Humorous Writing, II

By CBramkamp creative writing Comments Off on Humorous Writing, II

Light humor, like adding a funny icon to your PowerPoint presentation,usually is a welcome addition to any lecture. A humorous light comment can help bring your audience to your side and help gain sympathy for your cause.  But when you write, it’s a different story.  First of all, humor often has a very short expiration date.   A topical comment within a report or an email can be effective, if the report  or posting is not meant to last. A topical reference in an annual report won’t  work in your favor. It will rapidly age out and look not only silly but irrelevant. You do not  want to write papers or reports or articles that quickly become irrelevant — that  would be a waste of time.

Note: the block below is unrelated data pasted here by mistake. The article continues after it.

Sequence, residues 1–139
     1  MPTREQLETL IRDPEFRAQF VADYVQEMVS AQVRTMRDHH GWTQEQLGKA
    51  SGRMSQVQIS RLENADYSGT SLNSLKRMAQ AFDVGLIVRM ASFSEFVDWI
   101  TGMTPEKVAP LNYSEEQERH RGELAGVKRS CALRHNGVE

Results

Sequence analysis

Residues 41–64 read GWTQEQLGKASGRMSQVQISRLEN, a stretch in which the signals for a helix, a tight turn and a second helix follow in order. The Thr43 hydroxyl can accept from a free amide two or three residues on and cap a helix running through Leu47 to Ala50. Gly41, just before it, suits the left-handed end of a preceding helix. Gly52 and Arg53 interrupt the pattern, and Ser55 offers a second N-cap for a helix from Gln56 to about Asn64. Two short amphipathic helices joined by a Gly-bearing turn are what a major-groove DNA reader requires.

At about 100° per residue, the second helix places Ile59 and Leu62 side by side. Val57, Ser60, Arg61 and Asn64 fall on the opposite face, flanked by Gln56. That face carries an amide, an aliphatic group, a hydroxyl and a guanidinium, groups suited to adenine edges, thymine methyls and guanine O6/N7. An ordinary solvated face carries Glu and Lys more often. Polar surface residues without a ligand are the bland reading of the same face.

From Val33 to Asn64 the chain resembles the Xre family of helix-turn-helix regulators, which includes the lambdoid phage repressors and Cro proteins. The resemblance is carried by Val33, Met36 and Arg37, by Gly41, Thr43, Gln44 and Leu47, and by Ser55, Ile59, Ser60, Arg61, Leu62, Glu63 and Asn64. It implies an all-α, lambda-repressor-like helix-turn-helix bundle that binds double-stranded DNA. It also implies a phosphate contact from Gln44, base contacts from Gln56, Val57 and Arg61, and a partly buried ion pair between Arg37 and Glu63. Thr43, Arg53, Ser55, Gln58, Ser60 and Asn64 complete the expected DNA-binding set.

Mark Twain wrote: “The humorous story is American, the comic story is  English, the witty story is French. The humorous story is strictly a work of art —  high and delicate art — and only an artist can tell it; but no art is necessary in  telling the comic and the witty story; anybody can do it.”

That’s us, the witty or the comic story, no experience or talent required. Go in  that direction, stay within your own personality and limits. Do not work at being  amusing. And if it is NOT your nature to write wittily or humorously, you may  want to just pass on the whole humor thing in your correspondence. Be sincere, be clever, be yourself, but don’t work to be funny, the odds that the whole endeavor will backfire are very, very high. Save yourself. If you really want to be  funny, then just quote other people.
“So once again, we find that evil of the past seeps into the present like salad dressing through cheap wax paper, mixing memory and desire.”
~ The Tick

For more information read  Don’t Write Like You Talk by me, Catharine

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